6

Can one say "have you nominated" or would you require an object, "have you nominated yourself"?

Context is that of an election, for example.

  • I always find it helpful to take a look at corpus.byu.edu/coca for some context. Here is an example of use of the word nominate: "Before President XXX even announced he was going to nominate Sonia XXXXX to the Supreme Court, conservatives promised a tough confirmation battle" (Source: CBS News). – Pantelis Sopasakis Sep 14 '11 at 21:09
8

According to the Oxford English Dictionary, nominate is usually transitive and thus requires an object ("I nominated someone"). However, there are a few exceptions in which the verb is intransitive:

  • intr. Austral. Polit. To put oneself forward formally as a candidate for election; to register one's candidacy. Usu. with for.

  • Snooker and Pool. To specify (a ball) as the object ball to be hit next by the cue ball; (also in Pool) to indicate (the set of balls) as the set one will aim to pot; to specify (a pocket) into which one is aiming the next ball. Also intr.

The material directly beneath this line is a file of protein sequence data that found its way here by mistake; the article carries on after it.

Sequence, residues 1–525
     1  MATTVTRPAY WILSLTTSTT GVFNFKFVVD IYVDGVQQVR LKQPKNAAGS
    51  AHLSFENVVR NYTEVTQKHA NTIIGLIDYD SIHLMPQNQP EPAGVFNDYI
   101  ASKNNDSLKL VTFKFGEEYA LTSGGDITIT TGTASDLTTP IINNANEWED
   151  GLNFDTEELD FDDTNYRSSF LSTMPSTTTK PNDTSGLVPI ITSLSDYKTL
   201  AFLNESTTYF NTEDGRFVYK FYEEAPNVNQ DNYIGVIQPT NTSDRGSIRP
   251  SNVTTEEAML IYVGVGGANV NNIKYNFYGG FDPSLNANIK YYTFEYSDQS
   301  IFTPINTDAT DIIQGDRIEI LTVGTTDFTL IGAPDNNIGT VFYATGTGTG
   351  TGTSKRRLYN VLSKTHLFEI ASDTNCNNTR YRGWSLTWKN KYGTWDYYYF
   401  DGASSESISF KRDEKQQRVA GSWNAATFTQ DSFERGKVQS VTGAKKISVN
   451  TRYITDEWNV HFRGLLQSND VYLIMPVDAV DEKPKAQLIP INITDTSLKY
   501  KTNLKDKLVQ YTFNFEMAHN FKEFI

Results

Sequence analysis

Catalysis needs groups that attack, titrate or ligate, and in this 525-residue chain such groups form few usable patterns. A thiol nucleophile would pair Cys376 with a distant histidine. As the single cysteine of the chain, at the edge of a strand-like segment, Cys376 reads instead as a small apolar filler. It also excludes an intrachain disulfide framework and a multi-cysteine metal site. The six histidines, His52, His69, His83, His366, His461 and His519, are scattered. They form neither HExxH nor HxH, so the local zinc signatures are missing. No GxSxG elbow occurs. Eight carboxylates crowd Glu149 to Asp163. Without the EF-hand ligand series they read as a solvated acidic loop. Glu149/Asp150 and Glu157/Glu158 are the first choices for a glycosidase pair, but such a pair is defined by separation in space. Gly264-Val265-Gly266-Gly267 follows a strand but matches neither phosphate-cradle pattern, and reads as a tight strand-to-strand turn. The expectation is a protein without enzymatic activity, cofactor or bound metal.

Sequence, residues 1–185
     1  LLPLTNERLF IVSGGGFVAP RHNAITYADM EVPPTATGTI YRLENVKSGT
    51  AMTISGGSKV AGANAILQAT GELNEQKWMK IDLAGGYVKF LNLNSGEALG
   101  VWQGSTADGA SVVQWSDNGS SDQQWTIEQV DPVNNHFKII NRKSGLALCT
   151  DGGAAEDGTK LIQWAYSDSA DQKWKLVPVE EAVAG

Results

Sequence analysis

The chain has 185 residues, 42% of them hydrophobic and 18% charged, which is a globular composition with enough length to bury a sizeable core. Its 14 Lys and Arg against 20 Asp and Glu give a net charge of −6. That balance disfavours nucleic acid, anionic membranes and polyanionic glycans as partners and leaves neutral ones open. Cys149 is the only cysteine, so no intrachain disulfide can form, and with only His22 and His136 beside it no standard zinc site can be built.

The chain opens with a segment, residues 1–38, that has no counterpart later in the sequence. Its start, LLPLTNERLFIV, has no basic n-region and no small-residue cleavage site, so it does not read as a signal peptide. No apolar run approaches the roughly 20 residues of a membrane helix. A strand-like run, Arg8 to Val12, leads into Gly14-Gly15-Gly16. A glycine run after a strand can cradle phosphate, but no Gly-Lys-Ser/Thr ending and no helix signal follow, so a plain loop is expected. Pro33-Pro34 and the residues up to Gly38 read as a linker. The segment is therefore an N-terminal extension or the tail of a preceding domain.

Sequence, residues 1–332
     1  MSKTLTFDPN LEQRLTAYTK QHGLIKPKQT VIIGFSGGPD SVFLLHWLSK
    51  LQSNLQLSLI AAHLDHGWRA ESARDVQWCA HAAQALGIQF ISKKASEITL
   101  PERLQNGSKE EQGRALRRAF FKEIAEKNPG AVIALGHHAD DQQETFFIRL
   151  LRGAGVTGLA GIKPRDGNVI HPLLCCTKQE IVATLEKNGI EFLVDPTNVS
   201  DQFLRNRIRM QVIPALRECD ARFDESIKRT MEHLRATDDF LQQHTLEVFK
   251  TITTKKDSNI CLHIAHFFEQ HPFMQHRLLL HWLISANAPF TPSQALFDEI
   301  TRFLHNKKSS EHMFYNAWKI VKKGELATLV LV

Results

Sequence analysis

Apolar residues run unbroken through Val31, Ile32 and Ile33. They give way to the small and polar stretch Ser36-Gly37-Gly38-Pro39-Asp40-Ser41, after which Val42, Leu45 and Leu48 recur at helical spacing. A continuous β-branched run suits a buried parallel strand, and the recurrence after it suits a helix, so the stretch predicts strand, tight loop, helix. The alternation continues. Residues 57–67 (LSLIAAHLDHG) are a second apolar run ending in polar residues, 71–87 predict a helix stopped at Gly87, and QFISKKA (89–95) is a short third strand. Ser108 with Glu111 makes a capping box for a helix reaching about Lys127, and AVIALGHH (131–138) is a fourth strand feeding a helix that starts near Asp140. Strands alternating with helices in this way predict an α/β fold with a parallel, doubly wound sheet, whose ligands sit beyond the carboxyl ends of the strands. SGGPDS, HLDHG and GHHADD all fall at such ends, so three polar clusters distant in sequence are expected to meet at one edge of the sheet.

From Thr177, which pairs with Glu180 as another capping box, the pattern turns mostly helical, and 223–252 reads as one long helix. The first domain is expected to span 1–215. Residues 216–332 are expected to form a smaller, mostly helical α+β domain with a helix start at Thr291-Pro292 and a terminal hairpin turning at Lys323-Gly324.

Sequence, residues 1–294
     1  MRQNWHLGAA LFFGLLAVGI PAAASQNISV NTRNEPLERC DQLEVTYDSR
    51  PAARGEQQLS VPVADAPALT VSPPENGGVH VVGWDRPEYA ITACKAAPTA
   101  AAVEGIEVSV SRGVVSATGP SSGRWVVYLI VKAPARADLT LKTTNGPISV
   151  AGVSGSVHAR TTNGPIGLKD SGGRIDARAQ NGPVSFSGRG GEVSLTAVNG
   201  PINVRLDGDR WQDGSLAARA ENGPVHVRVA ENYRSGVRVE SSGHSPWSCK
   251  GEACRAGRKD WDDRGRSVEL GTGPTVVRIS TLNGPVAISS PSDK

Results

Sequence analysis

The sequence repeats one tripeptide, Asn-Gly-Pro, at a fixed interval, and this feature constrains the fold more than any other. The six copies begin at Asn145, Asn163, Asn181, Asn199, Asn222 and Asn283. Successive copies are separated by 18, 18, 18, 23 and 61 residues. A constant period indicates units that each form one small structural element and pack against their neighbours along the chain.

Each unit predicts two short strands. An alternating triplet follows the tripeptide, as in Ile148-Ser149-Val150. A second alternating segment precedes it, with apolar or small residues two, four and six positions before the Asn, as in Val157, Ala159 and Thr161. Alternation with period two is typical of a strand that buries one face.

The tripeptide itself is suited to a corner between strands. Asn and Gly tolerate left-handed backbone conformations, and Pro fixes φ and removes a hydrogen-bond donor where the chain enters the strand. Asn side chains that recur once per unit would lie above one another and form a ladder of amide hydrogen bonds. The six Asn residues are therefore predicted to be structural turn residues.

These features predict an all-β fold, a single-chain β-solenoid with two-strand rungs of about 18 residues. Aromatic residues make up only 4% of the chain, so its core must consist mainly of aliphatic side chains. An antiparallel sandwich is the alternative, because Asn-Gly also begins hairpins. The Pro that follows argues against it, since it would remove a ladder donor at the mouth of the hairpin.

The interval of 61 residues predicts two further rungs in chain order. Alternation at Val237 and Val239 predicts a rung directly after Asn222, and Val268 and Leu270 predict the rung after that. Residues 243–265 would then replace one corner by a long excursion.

• trans. To choose (a mare) as suitable for mating to a particular stallion. Also intr. with to.

Thus, in the context of an election it can usually be expected to require an object. However, there are a few cases in which this is not true.

  • It looks like your first point is the meaning intended here. – Paŭlo Ebermann Sep 14 '11 at 19:35
  • 1
    So I guess the answer is, in a nutshell, “It’s fine in Australia, but probably not elsewhere.” – PLL Sep 14 '11 at 23:12
3

It is a transitive verb, so would seem to require an object.

Have you nominated anyone?

is how I would put it.

0

When using it in the passive tense, it doesn't take an object.

Have you ever been nominated for a Grammy award?

Your Answer

By clicking “Post Your Answer”, you agree to our terms of service, privacy policy and cookie policy

Not the answer you're looking for? Browse other questions tagged or ask your own question.